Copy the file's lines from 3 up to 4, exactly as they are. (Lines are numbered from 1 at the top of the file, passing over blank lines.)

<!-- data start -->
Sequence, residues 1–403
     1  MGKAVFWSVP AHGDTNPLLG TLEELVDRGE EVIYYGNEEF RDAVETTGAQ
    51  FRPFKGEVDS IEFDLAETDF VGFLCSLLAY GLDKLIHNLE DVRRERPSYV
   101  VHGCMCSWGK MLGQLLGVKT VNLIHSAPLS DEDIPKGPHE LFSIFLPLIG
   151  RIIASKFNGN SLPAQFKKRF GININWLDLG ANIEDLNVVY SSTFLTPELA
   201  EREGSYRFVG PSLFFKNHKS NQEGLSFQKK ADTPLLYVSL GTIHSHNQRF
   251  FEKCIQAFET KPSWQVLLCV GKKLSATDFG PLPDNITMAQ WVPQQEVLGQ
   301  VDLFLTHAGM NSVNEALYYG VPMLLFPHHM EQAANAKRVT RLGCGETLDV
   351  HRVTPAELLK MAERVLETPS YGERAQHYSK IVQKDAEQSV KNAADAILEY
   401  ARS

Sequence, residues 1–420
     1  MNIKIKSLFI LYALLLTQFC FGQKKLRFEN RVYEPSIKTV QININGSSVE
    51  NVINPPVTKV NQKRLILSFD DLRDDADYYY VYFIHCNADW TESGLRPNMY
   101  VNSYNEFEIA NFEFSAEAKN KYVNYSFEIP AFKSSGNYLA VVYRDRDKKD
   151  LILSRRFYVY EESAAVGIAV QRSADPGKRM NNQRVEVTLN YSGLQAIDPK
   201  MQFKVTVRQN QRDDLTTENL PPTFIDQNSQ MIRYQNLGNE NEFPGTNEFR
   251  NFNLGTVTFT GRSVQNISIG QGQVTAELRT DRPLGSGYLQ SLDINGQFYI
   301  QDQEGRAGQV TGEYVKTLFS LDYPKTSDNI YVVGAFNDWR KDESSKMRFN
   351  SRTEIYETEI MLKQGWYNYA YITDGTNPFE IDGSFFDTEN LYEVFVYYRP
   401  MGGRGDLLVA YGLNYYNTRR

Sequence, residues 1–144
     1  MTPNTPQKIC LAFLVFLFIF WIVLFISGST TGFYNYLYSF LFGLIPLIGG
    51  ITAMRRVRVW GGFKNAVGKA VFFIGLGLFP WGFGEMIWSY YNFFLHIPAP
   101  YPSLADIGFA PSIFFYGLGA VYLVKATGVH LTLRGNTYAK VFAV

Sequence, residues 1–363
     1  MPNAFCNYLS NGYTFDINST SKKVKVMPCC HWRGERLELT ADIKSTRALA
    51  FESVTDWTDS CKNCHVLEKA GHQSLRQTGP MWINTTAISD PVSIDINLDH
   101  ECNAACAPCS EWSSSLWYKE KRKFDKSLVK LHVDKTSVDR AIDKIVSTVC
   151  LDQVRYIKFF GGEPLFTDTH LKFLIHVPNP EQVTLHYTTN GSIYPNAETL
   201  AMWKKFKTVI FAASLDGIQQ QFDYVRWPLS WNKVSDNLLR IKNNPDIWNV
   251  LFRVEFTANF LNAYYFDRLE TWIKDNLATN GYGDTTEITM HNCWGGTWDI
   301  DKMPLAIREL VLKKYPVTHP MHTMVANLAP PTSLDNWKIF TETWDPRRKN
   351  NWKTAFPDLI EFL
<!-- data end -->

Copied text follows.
    51  FRPFKGEVDS IEFDLAETDF VGFLCSLLAY GLDKLIHNLE DVRRERPSYV
   101  VHGCMCSWGK MLGQLLGVKT VNLIHSAPLS DEDIPKGPHE LFSIFLPLIG